Cutis Laxa (Elastolysis) Workup

Updated: Mar 04, 2022
  • Author: Marc Zachary Handler, MD; Chief Editor: Dirk M Elston, MD  more...
  • Print

Laboratory Studies

Although no routine laboratory findings are present in cutis laxa (elastolysis), a CBC count may reveal normochromic, normocytic anemia, while total protein and beta-2 microglobulin levels may be elevated.

Serum protein electrophoresis and quantitative immunoglobulins can be performed to assess for myeloma.

Direct immunofluorescence studies for IgG, immunoglobulin A (IgA), immunoglobulin M (IgM), C3, C1q, and fibrin may be performed to assess for related conditions, such as lupus erythematosus.

Serum copper, zinc, ceruloplasmin, alpha-1 antitrypsin, C4, rapid plasma reagent, and antinuclear antibody levels can be measured.

Serum and urine elastin peptide levels may be elevated.

Thyroid function tests may be considered in newborns with cutis laxa.

Direct mutation analysis may be performed to specifically differentiate forms of cutis laxa. [38]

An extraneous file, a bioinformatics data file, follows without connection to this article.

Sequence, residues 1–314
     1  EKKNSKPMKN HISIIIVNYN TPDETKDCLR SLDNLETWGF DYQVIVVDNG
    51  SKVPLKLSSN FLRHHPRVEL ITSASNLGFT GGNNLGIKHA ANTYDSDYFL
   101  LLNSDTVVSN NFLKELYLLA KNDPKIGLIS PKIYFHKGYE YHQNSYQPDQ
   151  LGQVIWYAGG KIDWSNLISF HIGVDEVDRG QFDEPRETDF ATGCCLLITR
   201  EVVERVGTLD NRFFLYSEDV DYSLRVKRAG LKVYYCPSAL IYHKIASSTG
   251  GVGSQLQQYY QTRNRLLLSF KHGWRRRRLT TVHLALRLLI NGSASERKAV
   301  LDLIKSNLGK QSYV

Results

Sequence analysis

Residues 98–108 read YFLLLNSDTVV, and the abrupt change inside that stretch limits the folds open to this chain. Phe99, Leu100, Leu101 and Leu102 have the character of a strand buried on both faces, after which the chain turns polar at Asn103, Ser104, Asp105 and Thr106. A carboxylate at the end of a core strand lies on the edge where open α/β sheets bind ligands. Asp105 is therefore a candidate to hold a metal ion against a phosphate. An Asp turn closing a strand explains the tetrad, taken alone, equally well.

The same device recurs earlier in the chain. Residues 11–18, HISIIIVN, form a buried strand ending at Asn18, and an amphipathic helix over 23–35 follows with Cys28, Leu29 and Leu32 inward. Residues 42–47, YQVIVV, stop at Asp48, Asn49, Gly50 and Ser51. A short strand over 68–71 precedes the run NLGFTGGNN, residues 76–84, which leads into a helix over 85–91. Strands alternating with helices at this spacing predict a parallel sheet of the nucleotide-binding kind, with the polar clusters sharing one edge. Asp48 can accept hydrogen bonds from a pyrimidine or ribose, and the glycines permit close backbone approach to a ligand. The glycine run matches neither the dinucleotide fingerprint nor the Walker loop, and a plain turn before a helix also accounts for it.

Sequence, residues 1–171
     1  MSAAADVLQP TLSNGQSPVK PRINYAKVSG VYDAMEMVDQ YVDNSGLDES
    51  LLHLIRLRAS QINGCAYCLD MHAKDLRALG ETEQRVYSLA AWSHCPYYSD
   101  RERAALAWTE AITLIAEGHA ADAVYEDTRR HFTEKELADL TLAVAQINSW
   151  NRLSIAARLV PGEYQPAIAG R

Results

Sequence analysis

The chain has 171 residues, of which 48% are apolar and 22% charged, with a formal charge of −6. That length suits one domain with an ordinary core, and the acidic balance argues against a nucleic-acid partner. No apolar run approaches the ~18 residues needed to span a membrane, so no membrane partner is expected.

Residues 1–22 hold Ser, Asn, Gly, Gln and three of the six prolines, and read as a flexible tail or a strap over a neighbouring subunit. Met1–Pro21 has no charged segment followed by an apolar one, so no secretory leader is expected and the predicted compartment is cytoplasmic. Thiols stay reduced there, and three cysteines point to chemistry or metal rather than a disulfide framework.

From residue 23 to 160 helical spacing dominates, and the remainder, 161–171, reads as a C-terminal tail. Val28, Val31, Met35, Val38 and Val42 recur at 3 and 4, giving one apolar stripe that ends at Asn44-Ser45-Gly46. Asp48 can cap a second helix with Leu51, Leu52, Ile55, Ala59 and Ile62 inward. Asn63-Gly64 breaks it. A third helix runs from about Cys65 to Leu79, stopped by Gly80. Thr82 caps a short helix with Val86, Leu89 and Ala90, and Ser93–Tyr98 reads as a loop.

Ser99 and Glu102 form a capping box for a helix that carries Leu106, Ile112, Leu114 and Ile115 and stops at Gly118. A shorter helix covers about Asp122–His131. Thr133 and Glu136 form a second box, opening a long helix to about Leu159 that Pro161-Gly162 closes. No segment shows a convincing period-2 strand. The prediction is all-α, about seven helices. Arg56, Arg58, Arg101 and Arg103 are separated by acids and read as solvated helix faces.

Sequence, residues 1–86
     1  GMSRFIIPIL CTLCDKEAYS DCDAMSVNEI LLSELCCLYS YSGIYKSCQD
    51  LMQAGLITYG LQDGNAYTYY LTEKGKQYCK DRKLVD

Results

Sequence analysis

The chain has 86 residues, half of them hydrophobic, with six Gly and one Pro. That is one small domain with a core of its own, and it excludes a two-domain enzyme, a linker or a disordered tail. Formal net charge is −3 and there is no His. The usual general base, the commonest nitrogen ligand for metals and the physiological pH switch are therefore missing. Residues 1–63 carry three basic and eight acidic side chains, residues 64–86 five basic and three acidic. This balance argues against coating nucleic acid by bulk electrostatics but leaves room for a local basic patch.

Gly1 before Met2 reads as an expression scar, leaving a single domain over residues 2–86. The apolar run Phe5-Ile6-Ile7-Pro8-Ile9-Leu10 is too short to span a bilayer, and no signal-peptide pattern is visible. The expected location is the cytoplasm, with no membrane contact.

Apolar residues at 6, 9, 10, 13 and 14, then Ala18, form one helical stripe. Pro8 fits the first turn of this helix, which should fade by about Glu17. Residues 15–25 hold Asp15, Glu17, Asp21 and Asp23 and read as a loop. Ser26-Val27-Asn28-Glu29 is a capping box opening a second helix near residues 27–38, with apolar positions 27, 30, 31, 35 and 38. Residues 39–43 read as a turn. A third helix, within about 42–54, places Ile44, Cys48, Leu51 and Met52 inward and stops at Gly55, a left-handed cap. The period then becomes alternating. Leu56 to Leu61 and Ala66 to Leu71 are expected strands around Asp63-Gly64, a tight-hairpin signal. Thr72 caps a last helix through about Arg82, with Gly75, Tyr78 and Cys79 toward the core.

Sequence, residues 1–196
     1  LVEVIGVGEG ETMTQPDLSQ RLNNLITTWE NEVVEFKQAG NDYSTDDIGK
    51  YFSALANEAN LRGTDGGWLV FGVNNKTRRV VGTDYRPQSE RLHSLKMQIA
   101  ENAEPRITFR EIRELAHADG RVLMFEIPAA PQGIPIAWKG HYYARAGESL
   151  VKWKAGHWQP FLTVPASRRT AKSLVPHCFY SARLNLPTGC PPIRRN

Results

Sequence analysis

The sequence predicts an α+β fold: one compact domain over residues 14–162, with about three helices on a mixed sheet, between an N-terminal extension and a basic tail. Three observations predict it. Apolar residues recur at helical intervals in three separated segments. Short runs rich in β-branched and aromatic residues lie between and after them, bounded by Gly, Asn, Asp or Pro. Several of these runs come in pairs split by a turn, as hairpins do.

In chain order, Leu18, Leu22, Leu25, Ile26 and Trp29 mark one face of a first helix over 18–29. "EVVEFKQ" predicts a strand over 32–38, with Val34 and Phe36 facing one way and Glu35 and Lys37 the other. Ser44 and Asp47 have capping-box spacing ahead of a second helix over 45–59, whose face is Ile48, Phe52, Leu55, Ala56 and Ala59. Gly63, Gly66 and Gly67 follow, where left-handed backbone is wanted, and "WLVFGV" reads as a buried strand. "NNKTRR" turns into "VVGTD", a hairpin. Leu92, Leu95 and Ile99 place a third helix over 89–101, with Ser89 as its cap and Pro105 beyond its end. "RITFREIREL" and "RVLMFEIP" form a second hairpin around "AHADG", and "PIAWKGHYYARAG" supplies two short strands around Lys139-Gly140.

Imaging Studies

An echocardiogram may be obtained. A chest radiograph can be obtained to help check for pulmonary involvement.


Other Tests

Pulmonary function tests may be performed



A skin biopsy and/or a bone marrow biopsy may be performed.


Histologic Findings

No specific histologic abnormality is seen on routine stains with hematoxylin and eosin. On elastic fiber stains, all types of cutis laxa (elastolysis) show a reduction in the number of elastic fibers throughout the dermis, with remaining fibers being shortened, clumped, granular, or fragmented. In severe cases, no elastic fibers may be present, but only fine, dustlike particles scattered throughout the dermis can be seen. In cases preceded by an inflammatory eruption, such as urticaria or vesicles, the inflammatory infiltrate may be mononuclear (lymphocytes and histiocytes) or mixed, containing neutrophils. When vesicles are present, they are subepidermal, with papillary collections of neutrophils and eosinophils mimicking dermatitis herpetiformis. [39]

Note the image below.

Marked diminution of elastic fibers in the lower d Marked diminution of elastic fibers in the lower dermis (Verhoeff-van Gieson stain). Courtesy of Dr F. Abreo.

Involved visceral organs show granular changes in the elastic fibers similar to those seen in the skin. Collagen abnormalities have also been described but are ultrastructurally nonspecific.

Electron microscopic examination reveals degenerative changes in the elastic fibers, which are variable from case to case. However, the most significant finding is the presence of electron-dense amorphous or granular aggregates that are irregularly distributed in the vicinity of the elastic fibers.